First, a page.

Currently the World No. 1 Chef, Daniel Humm is an art fanatic who is breaking the clutter with his distinctive style of neoclassicism. By Shikha Pushpan
A quick scroll through Chef Daniel Humm’s Instagram profile and you’ll know why this 42-year-old Swiss-born chef is called the undisputed ‘King of Minimalism’. Every creation—black and white cookies, Long Island clam bake, carrot tartare with rye bread and condiments— is a piece of art with bare minimal (read: two to three) ingredients.
On his debut trip to India last month for The World Series hosted by American Express, Humm was smitten by the tandoor and green mango powder, and plans to introduce them at his three-Michelin star restaurant, Eleven Madison Park, New York, which was ranked No. 1 on The World’s 50 Best Restaurants List 2017. “The flavours here are quite bold, whereas my cuisine is very subtle. There is one thing that caught my attention, and I would love to have it in my kitchen. I had a samosa the other day, and it has this amazing acidity to it. I thought it was vinegar or lime, but I was told that it’s the green mango powder that does the trick. I always look for ways to add acidity to my food. So, this is definitely going to be our big takeaway from India,” he said in his relaxed, Swiss-American drawl.
While star chefs Gérard Rabaey, Alain Passard, and Joël Robuchon were Humm’s early inspirations, it is the minimalist work of Italian artist, Lucio Fontana, that has really shaped his food philosophy. Humm earned his first Michelin star at the age of 24 for the restaurant, Gasthaus Zum Gupf. However, it’s been only two or three years since he discovered himself as a chef. This breakthrough, he said, came through his signature dish with just two ingredients, celery root with black truffles. “Minimalism— it’s the most difficult thing to do. But when I created this dish, I knew it was complete, without any extra sauces or garnishing. I knew it was going to blow away people’s minds. I have just one dish in 25 years, everything else seems far away from it.” It is this quest for perfection that has led him to establish the four fundamentals of his cuisine: deliciousness, beauty, creativity, and intention.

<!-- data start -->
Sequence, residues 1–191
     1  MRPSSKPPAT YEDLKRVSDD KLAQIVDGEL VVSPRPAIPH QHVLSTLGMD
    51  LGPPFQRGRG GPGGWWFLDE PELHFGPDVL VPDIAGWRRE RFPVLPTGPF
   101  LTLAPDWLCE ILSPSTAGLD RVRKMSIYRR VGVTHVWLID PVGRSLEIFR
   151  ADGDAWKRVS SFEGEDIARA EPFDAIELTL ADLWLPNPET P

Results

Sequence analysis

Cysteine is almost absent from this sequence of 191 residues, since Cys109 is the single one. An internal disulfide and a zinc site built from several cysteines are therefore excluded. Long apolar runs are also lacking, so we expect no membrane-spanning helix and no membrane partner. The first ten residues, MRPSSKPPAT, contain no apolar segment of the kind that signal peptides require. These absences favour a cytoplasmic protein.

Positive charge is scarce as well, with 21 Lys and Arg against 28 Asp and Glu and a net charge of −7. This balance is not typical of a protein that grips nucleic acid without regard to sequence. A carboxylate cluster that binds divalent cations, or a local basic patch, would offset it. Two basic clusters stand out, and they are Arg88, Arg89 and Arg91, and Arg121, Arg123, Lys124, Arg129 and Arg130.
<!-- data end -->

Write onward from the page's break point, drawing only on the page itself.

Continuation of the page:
So, which is the chef’s favourite city when it comes to food? “New York!” came the prompt response. “There’s no city in the world like NYC. Some of my favourite restaurants here are I Sodi, DANIEL, and Shuko.”
Asked if there was a table etiquette he would like his guests to follow, Humm said, “Just be present in the moment. I wish the world could be more present in what they do—be it enjoying a meal, or having a good conversation.”